Fixer

Discussion in 'B&W: Film, Paper, Chemistry' started by Graham.b, Apr 3, 2008.

  1. Graham.b

    Graham.b Member

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    Hello all, i am short on fixer and so of need for more. I have been wondering what about none hardening fixer, like Hypam. I have read that there is no need for hardening for B/W films or papers.
    Any thoughts on this or any other suggestions on another fixer, Hypam does the
    job for film and paper.

    Graham
     
  2. Paul Verizzo

    Paul Verizzo Member

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    Go for it. Hardening is generally a thing of the past. I've never hardened nuttin' and I've never had damage that wasn't appropriate to my carelessness.

    I recently came across a roll of TMY that had lived on a messy garage floor, kicked around, and generally abused. There were a few places where some kind of chemical damage had occurred, the very emulsion slipped around. I put this roll in a bowl with a dab of dish detergent, swished it around. (Emulsion flakes showed up!) Then into photo-flow, and dry. The bulk of the frames show absolutely no damage. Amazing!
     
  3. fschifano

    fschifano Member

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    Go for it indeed. There is no need for a hardening fixer unless you're processing at very high temperatures, using really old fashioned soft films (think EFKE and even then there are folks who don't use hardeners with these and report no problems), or plan do do some reversal processing that uses sulfuric acid in one of the steps.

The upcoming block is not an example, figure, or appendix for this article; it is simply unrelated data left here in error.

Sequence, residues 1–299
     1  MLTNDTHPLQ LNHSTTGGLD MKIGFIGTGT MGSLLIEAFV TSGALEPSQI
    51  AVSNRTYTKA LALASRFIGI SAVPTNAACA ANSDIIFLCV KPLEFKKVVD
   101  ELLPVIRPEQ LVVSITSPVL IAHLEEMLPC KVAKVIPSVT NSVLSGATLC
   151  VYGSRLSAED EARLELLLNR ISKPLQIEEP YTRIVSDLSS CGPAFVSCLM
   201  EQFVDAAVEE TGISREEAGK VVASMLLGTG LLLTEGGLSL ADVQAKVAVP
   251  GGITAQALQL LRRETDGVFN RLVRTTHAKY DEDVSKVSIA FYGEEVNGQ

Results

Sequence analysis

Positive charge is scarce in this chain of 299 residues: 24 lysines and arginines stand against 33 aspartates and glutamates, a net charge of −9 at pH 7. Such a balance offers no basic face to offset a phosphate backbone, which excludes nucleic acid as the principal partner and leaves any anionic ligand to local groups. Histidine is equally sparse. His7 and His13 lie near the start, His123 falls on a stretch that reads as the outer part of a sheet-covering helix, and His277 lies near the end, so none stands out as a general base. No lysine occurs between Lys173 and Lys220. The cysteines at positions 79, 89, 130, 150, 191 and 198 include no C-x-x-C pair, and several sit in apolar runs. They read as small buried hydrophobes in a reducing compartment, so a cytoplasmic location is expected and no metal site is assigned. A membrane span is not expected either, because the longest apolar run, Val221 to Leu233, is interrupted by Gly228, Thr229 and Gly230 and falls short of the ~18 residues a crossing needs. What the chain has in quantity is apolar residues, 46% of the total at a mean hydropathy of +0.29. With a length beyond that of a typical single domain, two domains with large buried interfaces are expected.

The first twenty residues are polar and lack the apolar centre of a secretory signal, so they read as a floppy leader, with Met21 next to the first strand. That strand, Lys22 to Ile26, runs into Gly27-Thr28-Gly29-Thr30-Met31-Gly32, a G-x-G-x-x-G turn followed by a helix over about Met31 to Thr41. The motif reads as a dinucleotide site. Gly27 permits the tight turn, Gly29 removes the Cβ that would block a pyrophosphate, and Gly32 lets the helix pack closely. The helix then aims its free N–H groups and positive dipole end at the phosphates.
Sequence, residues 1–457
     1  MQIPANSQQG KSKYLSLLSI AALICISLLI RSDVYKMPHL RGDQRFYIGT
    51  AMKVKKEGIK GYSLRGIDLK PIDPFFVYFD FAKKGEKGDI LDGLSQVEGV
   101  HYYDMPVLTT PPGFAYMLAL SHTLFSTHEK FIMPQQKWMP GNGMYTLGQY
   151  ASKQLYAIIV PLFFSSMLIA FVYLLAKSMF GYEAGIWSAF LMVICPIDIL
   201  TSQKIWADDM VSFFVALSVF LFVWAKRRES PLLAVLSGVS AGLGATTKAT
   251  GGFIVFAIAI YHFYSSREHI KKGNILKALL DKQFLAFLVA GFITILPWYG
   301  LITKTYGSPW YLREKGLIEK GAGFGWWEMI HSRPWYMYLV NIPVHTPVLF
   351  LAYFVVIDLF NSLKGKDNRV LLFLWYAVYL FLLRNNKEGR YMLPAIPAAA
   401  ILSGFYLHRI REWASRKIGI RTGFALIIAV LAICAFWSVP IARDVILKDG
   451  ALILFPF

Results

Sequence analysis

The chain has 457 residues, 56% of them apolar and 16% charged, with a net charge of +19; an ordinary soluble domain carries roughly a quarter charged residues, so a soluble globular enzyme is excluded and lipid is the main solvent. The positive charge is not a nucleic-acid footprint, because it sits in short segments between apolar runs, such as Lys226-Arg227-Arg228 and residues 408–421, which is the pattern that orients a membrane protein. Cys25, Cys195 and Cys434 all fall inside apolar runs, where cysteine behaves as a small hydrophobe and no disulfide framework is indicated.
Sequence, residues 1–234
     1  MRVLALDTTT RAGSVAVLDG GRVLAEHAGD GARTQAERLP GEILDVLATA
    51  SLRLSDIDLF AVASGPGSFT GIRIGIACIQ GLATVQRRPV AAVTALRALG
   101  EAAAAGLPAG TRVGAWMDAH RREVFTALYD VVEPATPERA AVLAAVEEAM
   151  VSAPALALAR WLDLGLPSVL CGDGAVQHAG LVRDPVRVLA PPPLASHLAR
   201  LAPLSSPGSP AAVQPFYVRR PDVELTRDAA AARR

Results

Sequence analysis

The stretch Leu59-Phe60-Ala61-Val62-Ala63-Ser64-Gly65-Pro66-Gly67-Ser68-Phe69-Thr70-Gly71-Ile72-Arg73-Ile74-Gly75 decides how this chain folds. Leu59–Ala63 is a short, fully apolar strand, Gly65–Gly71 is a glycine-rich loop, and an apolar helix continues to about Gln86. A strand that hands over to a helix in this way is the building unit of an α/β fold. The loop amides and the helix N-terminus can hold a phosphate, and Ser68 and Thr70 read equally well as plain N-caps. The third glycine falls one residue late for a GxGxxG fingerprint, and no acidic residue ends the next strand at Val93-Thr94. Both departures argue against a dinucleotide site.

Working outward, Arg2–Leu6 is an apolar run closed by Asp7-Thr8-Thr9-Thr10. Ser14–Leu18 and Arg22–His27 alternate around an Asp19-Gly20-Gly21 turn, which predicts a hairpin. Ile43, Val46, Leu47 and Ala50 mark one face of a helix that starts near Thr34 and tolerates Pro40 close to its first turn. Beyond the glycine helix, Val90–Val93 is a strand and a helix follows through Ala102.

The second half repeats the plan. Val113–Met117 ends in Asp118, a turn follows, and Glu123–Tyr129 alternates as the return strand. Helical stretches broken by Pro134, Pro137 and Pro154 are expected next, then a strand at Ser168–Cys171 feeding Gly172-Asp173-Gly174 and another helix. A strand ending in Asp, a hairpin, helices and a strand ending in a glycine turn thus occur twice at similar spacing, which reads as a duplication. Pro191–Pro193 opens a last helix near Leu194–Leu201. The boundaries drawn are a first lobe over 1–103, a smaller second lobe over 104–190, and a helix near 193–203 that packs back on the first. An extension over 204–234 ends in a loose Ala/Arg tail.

4. Graham.b

    Graham.b Member

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    I have all ways used Kodak chems, for everything, so a move to Ilford would be a change, is there any difference. It is said that once you find a way stay with that.
    I have the same with film. Kodak all the way. I do have a mix of Ilford papers as well as Kentmere.
     
  5. Paul Verizzo

    Paul Verizzo Member

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    Carrying chemicals to the land of Ilford

    I commend you! Just on principle.

    I think one of the problems Kodak had was image of being dowdy and domestic. (I could add high prices, but that's another topic.) Back in the 80's a guy named Robert Ringer wrote "Looking out for Number One." One of his amusing and oh-so-true experiences is what he called "The Expert From Afar." He was paid big bucks to fly into other cities to lecture, but could he get a gig in his own? Hell, no.

    Kodak was too familiar and unexotic. When I was growing up I don't recall any foreign companies, at least of any heft. I could be wrong. It was Ansco, Dupont, and Kodak.
     
  6. Graham.b

    Graham.b Member

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    The order has gone in. Ilford warm tone and fix. Got to go with who supplies the most as a support, and as Ilford has taken over kentmere, as this is a paper i use a lot of, why not go for the chemicals as well.
     
  7. CBG

    CBG Member

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    Graham.b You can mix and match any of the basic B&W pantheon of chemicals with no regard for who makes what. If you wish to use Kodak this and Ilford that, and Ansco and Agfa and Orwo and Jessops the other... you will be fine. Just suit the chemicals to your needs.

    C